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State audit criticizes health exchange procurement practices

Baltimore, MD -- From left, Stephanie Baptiste, Jaime Thomas, and Pamela Williams were among 14 new navigators being trained last fall to help people sign up for insurance coverage with the Maryland Health Exchange.  Amy Davis / Baltimore Sun

A state legislative audit sharply criticized Maryland health exchange officials for a wide range of fiscal failures, including how it awarded contracts to companies building the state's initially troubled online insurance marketplace.

The rollout of the Maryland Health Connection in 2013 was one of the worst under President Barack Obama's landmark health care reform initiative. The state ended up cutting ties with the initial contractor and replacing the technology behind the exchange.


In the report made public Friday, the Office of Legislative Audits also criticized exchange officials for failing to verify work done by vendors, contractors and grass-roots organizations; awarding too much in federal subsidies designed to help residents buy insurance; and not adequately securing the personal information of enrollees.

Health exchange officials said they did not agree with all the findings of the report — which covered the period from June 1, 2011, to July 23 of last year — but had already made changes to address most of the problems outlined in the audit. Some of the issues were addressed before the audit was completed.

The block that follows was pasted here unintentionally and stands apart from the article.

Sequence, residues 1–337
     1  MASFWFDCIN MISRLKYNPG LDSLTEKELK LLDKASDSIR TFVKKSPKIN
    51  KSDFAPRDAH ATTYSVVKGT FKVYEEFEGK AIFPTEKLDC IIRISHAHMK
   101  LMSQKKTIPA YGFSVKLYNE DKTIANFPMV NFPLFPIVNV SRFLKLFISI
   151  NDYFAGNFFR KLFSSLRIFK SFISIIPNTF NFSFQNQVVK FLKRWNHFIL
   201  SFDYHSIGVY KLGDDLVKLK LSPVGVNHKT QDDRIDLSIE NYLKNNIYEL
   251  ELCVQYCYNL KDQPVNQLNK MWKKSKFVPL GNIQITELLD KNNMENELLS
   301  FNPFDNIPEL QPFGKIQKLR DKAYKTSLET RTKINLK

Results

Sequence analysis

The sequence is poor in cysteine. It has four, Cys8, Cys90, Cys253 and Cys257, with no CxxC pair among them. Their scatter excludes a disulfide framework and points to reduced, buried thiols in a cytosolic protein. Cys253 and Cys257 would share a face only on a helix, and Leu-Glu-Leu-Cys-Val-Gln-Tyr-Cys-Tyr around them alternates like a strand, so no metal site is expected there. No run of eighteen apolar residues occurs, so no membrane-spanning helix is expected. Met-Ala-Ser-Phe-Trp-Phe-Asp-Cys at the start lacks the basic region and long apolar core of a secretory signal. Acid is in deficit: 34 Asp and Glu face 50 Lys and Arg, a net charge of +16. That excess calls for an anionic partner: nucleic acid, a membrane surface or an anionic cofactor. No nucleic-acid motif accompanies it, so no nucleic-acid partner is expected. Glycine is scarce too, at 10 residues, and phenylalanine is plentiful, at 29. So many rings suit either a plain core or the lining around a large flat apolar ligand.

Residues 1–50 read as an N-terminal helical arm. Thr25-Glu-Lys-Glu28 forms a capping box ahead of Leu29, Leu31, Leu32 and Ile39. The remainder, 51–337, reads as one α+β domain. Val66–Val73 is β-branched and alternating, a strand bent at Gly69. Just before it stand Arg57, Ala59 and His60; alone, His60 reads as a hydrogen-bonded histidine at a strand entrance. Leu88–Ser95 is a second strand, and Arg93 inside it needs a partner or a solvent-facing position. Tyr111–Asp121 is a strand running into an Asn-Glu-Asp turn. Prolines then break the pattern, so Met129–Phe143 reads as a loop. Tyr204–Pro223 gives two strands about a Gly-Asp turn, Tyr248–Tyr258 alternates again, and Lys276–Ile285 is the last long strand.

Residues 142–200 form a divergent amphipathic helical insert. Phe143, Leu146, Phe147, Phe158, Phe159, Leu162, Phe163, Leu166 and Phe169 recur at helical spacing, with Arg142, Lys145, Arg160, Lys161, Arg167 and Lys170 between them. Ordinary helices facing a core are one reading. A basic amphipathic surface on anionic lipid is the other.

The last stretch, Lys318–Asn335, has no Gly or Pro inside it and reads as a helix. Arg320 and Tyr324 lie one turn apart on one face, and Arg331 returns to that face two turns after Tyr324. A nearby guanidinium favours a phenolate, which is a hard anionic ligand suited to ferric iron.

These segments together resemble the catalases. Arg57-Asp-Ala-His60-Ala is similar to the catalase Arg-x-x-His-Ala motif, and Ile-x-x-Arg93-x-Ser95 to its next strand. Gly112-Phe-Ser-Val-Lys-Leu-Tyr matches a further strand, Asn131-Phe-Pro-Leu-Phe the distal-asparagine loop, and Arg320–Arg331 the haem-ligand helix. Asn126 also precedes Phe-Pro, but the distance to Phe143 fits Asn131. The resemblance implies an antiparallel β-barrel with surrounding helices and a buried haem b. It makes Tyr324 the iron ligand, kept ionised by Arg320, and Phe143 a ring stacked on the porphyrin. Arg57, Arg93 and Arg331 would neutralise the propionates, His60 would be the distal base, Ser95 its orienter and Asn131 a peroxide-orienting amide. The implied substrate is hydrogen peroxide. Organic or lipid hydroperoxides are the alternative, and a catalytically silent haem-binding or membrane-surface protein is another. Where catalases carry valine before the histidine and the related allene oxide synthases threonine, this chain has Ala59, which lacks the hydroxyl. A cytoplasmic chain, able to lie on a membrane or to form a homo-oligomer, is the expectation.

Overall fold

"This was a young agency still in the process of putting in place best practices when it comes to fiscal oversight and protocols," said Carolyn Quattrocki, executive director of the Maryland Health Benefit Exchange, the entity that administers the online marketplace in which people buy plans. "We had different perspectives on some of the findings. But the important point is that we have made huge progress in a lot of areas."

The audit's conclusions gave credence to the chorus of critics, including Larry Hogan during his successful campaign for governor, who have questioned a lack of transparency at the exchange and raised concerns about how it was run. Under state law, the exchange board operates under a procurement process separate from normal state contracting guidelines.

The website crashed on its first day of operation in October 2013, hindering efforts by thousands of Marylanders trying to buy health insurance. The system's persistent troubles prompted the state to sever ties with the original contractor, Noridian Healthcare Solutions, which agreed to pay the state $45 million to settle claims about its role in the botched launch without admitting wrongdoing. Maryland eventually adopted technology used to build Connecticut's successful exchange.

The exchange spent $264.3 million of mostly federal funds through June 30, 2014, to get up and running and fix its problems, the audit found. It awarded $427.8 million in contracts in roughly the same time period.

Hogan's spokesman on Friday called the flubbed rollout of the exchange "a debacle" and "fiasco" while saying the items identified in the audit are unacceptable.